11 Current situation in developing countries Assistive Technology by disability type – understanding users needs Developing and implementing accessible ICT connected schools – National and educational policy reform – Supporting teachers and students – Procurement policies – Trends in AT and ICT Leveraging Accessible ICT enabled schools ascommunity hubs for skills and job training for adults with disabilities Other: – Checklist for policymakers – International legislation in support of accessible ICTs in education – Case studies – Technical Resources


13 A joint initiative between the Tunisia government, the Regional Council of the Provence Alpes Cotes d’Azur and the General Council of the Bouches du Rhône Objective: to support the inclusion of people with disabilities within society by providing access to traditionally unavailable job opportunities by training People with Disabilities in teleworking careers First Centre opened in 2006 First 2 training sessions trained 15 students of which 13 were placed in a job (86.6% success rate) Certificate in ‘Business Opportunities for Entrepreneurs’ developed with the National Agency for Employment and Independent Work. – Targeted 18 unemployed people with disabilities (February 2010) – Participants provided with 20 days training and mentoring – Participants identified a business opportunity, developed a business plan and presented this to potential investors – Participants who proceeded to develop their projects are receiving a small grant for a 12 month period plus ongoing training in technical and managerial skills Association Générale des Insuffisants Moteurs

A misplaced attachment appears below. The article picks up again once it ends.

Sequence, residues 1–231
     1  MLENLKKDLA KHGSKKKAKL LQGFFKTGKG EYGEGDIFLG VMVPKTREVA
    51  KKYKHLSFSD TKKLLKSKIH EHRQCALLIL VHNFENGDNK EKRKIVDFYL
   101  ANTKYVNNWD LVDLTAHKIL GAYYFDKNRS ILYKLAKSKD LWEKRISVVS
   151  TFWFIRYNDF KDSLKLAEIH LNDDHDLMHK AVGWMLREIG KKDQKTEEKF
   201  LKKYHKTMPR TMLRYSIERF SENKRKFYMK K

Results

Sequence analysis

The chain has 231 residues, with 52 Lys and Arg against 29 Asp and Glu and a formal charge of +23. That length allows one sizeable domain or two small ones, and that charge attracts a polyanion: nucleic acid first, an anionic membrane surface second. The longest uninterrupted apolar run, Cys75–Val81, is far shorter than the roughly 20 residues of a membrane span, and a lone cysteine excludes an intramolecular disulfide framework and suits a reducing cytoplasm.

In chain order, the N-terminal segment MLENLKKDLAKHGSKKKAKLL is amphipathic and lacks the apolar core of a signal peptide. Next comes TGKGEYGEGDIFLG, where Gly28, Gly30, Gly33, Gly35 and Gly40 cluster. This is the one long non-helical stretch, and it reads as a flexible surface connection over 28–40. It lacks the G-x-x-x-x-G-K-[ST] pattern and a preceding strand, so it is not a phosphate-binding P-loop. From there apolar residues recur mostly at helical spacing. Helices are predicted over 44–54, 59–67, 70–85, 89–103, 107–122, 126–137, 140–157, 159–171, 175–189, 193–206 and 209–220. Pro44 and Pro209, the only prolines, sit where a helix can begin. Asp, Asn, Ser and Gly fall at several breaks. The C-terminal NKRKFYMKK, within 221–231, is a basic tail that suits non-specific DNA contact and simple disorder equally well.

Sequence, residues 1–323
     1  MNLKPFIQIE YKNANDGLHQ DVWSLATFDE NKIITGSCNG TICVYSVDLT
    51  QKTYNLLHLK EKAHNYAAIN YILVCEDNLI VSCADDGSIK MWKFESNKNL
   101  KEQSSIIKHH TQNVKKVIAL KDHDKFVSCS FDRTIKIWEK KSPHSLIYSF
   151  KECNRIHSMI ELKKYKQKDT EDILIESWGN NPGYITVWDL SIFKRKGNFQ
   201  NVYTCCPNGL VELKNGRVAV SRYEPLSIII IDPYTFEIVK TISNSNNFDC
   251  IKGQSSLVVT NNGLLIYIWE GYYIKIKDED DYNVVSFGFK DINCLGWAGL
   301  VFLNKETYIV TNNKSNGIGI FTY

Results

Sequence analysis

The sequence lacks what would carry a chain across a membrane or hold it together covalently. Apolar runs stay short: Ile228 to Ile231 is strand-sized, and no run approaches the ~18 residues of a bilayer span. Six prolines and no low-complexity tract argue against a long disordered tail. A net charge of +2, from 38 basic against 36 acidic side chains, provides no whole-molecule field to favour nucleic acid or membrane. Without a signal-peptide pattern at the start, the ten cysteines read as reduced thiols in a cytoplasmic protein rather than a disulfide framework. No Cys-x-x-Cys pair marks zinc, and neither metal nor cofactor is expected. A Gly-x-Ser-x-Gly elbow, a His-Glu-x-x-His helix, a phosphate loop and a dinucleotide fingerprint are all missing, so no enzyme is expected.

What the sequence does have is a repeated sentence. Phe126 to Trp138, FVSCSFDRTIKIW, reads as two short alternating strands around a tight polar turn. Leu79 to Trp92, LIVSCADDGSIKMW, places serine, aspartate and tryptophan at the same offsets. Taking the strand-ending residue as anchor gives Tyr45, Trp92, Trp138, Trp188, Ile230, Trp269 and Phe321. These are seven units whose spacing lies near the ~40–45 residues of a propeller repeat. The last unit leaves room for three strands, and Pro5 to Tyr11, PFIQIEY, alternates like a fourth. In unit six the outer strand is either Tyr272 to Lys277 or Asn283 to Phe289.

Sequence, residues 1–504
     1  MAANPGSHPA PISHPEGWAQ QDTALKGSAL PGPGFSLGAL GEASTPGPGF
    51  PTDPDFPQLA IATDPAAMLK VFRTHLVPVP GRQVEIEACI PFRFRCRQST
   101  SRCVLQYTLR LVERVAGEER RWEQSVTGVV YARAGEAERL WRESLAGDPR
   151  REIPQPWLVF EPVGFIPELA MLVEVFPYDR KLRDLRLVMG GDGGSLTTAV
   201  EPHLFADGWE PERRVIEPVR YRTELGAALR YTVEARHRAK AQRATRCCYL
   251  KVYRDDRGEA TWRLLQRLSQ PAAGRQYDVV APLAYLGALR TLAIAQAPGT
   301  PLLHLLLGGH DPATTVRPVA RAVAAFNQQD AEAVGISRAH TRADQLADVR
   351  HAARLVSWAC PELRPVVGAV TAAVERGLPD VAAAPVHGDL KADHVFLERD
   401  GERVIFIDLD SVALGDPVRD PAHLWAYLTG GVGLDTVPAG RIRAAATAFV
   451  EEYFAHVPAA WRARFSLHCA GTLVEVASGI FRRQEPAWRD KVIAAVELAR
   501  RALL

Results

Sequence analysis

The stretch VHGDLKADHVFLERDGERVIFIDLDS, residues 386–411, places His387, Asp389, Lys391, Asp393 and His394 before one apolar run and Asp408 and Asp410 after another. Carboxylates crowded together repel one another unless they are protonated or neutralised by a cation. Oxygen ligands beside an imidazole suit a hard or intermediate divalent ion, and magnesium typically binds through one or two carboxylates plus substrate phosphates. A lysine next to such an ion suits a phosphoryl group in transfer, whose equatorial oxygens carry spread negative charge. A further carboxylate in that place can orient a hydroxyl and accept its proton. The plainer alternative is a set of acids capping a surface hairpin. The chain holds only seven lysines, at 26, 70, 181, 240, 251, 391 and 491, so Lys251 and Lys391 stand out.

14 Main barriers to access for Assistive Technology in Developing Countires – COST: – Cost of AT: cost of screen reader = 3-4 PCs – Lack of training in this AT – Potential employer unable to support cost of AT EducaçãoLivreProject – A public-private partnership between Botelho & Paula Consultoria ( a technology consultancy) and Mais Diferenças, an NGO dediatced to the inclusion of people with disabilities in society – Location: São Paulo, Brazil USB drive – Developed by Botelho & Paula Consultoria – Enables blind people to access Assistive Technologies on almost any computer though a USB drive – contains everything the user needs to navigate the Internet, edit documents and spreadsheets, and send e-mails and instant messages – Uses a range of Free and Open Source (FOSS) Technologies Linux (Operating system) Gnome (desktop GUI) ORCA (screen reader) – Plug and play on any computer

15 Achievements to date: – EducaçãoLivre Project Aims to train 55 students in use of this technology in Curitiba and Novo Hamburgo by end 2010 Intensive courses planned for instructors working in blind NGOs – Inter-American Development Bank New initiative to share the technology in workshops in Argentina, Costa Rica, Ecuador, El Salvador, Peru, and Uruguay – Software to be made available in additional languages such as Spanish shortly

16 2003- ITU and UNESCO in conjunction with local partner Adaptive Technology Centre for the Blind (ATCB) in Addis Abba: – Centre established – ITU and ATCB provided training equipment and software – UNESCO provided training and curriculum development materials – Cost: USD 70,000 – Outputs: Centre established Blind students and government employees trained to use voice synthesisers, magnifying software Courses provided for trainers an and students at 5 technical colleges Legacy: UNESCO and ATCB continue to work together to provide programmes and awareness workshops on the use of ICT for people with disabilities in Ethiopia eg – development by Faculty of Electrical Engineering at Addis Abba University of an Amharic text to speech synthesiser

17 2006 Joint initiative: – Sightsavers International – Computer Aid International – Dolphin Objective: Provide 250 laptops with Assistive Technology to students in Nairobi’s university Cost: USD250: – Laptop provided by Computer Aid International – Software by Dolphin (SuperNova on USB) – In conjunction with local partner Kenya Union of the Blind

18 Dónal Rice